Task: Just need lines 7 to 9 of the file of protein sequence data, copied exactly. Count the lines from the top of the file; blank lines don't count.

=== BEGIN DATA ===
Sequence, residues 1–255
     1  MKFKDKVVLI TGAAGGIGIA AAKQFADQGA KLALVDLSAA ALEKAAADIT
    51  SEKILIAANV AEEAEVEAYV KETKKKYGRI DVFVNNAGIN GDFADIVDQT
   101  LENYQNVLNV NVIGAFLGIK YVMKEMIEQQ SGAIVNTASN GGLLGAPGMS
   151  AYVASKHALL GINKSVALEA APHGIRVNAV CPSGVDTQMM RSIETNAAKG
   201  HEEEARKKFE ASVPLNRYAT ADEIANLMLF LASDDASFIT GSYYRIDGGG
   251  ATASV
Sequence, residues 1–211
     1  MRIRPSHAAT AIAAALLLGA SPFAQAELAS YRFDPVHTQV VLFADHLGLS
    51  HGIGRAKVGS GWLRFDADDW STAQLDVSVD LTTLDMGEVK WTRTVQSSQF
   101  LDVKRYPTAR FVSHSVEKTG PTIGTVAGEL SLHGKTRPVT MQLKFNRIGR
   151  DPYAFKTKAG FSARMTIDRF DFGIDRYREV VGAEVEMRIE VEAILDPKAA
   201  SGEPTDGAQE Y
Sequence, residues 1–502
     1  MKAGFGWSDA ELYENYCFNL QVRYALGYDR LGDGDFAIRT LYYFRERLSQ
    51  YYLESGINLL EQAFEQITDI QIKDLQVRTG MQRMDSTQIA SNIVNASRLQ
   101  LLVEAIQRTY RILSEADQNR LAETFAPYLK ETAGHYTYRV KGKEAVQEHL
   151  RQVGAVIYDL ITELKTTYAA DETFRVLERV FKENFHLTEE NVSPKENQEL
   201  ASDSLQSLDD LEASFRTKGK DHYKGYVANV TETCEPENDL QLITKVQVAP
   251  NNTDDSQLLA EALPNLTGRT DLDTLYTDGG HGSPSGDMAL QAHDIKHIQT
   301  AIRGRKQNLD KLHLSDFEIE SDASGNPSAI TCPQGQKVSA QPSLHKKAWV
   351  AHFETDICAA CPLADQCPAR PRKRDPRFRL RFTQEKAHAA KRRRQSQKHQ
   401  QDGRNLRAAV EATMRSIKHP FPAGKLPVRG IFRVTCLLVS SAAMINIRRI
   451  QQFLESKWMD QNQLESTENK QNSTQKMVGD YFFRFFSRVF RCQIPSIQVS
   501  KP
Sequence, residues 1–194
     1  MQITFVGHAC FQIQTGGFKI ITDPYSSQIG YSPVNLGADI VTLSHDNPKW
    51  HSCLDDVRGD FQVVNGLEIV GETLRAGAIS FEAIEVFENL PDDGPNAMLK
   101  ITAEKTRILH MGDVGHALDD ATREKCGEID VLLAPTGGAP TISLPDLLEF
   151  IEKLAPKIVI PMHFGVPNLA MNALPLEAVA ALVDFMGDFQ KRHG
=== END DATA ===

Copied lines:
   251  ATASV
Sequence, residues 1–211
     1  MRIRPSHAAT AIAAALLLGA SPFAQAELAS YRFDPVHTQV VLFADHLGLS